“Plastics is closing?” We’ve heard this before: in 2010, when licensing what what threatened to force Plastic People to shut up shop. But now it’s real. Time’s been called by owner, founder, Ade Fakile. Charlotte’s said we’re moving on. While we regain our balance and accept the news, memories (and music) live on. As Fatima has sung: “It’s the red light…”

I heard word from the Wach last Monday, the verdict announced via email, “Just got in touch with Ade, it’s the last ever session at Plastic tomorrow.”  Now half a world away in South Africa, I’d have to accept being a “Plastic expat” (easy Gavin!) and miss the Last Dance(s).

They’d been whispers, worries, that this would come to be. Of course the day would sometime come when we’d no longer be able to dance, get down, free ourselves on the American walnut floor. Enveloped in Ade’s “active darkness”. Listening in the acoustically treated room. The warmth. That soundsystem (or rather the soundsystems, components tweaked on the regular).

Online, tribute photos and write-ups are mounting. A familiar face at Plastics, Sanjiv Ahluwalia has set up a site: plasticpeopleforevernevermore. With it, an open call to gather memorable notes from Plastic attendees over the club’s 20 years (and two locations). Likely to continue hosting tributes long after many (pseudo-news) sites have moved on to the next story to contribute email:


The many messages of gratitude, remembrance, are heartfelt. Plastic People furnished us with much more than 4 walls and a dancefloor. It’s been a family space. Numerous relationships,friendships, marriages (for real) began at 147-149 Curtain Road (and presumably the Oxford St premises beforehand). Musical collaborations of course. The conception of Eglo Records a personal favourite.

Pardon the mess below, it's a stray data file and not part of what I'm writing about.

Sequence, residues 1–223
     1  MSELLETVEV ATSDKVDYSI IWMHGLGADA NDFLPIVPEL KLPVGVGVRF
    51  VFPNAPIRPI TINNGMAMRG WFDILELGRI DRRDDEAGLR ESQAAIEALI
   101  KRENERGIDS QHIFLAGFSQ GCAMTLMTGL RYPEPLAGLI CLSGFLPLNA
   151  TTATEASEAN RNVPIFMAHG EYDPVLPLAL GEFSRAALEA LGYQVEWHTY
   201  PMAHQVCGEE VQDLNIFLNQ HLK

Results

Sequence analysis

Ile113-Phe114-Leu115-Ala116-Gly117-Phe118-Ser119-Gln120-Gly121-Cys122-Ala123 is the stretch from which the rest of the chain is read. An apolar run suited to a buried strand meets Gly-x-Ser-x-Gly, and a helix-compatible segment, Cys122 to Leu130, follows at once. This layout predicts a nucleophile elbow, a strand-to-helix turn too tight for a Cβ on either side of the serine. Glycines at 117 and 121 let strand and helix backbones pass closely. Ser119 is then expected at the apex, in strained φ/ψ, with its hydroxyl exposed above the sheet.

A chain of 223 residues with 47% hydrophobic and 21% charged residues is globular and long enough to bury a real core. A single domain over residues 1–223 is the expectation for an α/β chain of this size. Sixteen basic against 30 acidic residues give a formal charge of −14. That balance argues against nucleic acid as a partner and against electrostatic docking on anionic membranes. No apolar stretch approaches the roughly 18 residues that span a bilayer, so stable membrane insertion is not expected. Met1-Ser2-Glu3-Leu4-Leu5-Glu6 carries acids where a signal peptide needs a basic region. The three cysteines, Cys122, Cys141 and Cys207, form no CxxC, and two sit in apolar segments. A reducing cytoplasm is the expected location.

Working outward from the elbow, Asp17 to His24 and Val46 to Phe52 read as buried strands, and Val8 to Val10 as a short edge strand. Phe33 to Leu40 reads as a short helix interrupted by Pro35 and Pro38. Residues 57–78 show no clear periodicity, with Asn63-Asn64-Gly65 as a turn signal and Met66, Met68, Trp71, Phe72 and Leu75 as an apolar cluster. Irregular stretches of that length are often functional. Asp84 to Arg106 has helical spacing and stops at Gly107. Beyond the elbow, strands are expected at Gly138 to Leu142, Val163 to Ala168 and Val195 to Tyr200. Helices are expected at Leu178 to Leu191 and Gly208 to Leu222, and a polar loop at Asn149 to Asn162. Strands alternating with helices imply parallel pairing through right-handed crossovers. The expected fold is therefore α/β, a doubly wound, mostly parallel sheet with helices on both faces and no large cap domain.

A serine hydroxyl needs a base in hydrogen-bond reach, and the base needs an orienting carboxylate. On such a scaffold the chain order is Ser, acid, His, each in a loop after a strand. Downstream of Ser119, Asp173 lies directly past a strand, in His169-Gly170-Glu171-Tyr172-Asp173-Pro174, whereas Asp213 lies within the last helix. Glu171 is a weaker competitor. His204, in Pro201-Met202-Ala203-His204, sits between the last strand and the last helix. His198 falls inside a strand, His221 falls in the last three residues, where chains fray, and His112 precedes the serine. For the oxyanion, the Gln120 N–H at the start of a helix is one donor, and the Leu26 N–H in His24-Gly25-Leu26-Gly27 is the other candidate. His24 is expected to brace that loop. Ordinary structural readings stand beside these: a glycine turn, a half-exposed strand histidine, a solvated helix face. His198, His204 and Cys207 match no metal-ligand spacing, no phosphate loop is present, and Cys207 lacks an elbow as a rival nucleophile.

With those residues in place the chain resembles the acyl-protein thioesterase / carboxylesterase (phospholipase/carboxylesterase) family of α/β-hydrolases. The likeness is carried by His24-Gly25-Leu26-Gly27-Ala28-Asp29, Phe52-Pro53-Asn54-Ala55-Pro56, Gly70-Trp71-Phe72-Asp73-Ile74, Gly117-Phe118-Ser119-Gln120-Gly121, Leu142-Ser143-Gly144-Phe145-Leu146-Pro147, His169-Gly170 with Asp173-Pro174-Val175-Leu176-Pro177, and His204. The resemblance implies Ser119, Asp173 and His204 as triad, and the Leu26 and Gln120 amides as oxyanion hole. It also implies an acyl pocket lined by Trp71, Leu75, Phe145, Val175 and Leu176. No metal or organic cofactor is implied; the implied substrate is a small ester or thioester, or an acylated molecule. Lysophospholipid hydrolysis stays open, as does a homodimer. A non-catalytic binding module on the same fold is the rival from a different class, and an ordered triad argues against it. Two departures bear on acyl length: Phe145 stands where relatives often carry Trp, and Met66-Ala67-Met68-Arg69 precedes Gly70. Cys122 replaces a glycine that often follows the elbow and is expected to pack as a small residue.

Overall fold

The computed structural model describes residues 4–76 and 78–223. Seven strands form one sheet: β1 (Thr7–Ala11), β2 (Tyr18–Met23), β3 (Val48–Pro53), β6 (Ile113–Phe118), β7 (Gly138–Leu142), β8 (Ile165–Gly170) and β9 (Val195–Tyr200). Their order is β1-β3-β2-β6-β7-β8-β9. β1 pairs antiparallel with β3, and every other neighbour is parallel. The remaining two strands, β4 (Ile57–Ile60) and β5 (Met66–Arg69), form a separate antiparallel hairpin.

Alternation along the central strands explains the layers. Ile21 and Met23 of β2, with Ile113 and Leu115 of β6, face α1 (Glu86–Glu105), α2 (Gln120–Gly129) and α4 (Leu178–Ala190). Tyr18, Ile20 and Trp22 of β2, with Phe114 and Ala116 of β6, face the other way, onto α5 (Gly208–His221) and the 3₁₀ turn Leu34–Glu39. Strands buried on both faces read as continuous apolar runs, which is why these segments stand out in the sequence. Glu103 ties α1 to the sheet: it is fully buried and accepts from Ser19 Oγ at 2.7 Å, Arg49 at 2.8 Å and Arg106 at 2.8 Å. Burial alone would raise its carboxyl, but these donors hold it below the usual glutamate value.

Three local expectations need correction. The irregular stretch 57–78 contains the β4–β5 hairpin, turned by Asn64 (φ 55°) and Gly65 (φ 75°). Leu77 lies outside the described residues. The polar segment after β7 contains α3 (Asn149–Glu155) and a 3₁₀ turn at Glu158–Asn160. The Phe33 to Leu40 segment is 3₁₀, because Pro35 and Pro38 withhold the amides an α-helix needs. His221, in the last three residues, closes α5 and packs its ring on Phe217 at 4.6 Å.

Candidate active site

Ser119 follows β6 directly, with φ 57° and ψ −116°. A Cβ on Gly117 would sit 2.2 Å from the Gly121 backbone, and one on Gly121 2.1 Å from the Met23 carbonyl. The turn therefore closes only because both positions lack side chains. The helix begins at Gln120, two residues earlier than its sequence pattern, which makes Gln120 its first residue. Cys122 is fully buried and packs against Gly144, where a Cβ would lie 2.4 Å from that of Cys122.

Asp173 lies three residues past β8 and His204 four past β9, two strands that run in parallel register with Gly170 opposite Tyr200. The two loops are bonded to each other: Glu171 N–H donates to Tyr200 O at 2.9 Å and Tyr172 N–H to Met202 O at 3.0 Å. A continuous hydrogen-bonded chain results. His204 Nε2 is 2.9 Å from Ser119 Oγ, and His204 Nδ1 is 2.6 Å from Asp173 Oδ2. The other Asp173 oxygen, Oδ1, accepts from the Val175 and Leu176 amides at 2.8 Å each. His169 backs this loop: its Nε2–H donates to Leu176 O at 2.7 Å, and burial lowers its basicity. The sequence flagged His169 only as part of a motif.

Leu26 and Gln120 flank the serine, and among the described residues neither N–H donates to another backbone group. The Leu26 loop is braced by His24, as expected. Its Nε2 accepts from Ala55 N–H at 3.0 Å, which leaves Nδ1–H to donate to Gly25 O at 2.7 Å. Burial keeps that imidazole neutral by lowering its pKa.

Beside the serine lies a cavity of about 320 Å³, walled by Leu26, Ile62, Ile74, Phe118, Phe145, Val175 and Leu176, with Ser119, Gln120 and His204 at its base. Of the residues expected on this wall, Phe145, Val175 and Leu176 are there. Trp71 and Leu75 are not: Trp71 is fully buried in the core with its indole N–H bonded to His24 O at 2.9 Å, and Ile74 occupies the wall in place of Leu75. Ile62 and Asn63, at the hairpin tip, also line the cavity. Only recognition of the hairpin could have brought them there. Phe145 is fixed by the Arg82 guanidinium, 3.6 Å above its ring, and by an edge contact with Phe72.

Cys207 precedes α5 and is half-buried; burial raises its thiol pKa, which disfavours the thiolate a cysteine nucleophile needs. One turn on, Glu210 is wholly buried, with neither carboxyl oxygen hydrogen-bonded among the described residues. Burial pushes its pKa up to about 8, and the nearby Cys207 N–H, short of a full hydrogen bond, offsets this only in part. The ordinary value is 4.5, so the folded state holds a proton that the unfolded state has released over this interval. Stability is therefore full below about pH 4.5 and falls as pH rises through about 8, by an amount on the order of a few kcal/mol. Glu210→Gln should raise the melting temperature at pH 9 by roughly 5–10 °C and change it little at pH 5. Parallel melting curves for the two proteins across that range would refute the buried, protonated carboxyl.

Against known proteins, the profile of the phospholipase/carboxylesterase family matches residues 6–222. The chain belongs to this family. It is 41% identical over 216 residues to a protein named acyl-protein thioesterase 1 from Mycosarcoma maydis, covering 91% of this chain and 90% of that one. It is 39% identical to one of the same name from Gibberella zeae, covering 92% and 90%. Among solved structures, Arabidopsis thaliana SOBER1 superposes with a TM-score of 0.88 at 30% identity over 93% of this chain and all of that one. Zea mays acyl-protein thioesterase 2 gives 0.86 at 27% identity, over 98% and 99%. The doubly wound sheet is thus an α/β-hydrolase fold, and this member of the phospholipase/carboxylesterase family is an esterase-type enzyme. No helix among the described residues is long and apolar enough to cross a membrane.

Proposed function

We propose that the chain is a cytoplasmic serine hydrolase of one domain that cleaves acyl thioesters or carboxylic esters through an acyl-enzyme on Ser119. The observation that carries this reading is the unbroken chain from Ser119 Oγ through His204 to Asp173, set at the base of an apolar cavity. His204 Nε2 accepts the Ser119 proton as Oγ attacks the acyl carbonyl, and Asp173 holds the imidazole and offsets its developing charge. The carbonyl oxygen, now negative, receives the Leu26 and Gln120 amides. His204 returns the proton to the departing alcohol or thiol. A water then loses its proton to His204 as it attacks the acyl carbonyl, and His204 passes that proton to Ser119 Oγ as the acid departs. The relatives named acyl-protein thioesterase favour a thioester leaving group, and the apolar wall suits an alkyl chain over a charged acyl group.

Wow. No more nights at Plastic. The reality strikes. Truly, I can’t understate the venue’s importance. A familiar cycle over the river. Speedily navigating through Shoreditch madness (broken glass everywhere…). And on to Curtain Road. Lock bike outside. Joyful greetings to/from who’s working the door. Along the corridor, down the stairs. In.

Really, where else to be welcomed at the door with smiles and gladness? Security tight (enough), polite and gracious (special shout to stalwarts Barry and Winston). We’re in this together, why be rude, aggressive? Bar folk (over the years) including exceptionally skilled vocalists Fatima and Tranqill, plus on a peculiar night a few doors down the road: Plastic People’s Big Night Out where I swear Miquita Oliver (from the telly) was serving drinks.

My early visits to Plastics came when away from university, 2002-03. Charmed by the Ali Augur designed flyers a friend managed to get hold of, we’d manoeuvre on the dark dancefloor not yet aware of its specialness. Later learning of CDR and a chance to hear songs in the making, Plastics swiftly became a home away from home, a sanctuary, to listen and dance in (often tucked in a corner typing notes on the tracks on my phone, easy Dayo!). Concerns of any cliquishness were put to bed through the shared moments, the sweat, the smiles.

Offering shelter from what IG Culture might call “Nowadays Pressure”, the house that Ade built has influential and some. Direct naming spans a (not great) Four Tet track to music promoters in Johannesburg. Plastics’s impact guarantees a legacy, in the same breath (or beyond) with 1990s-rave hot spots Blue Note Hoxton or Hacienda.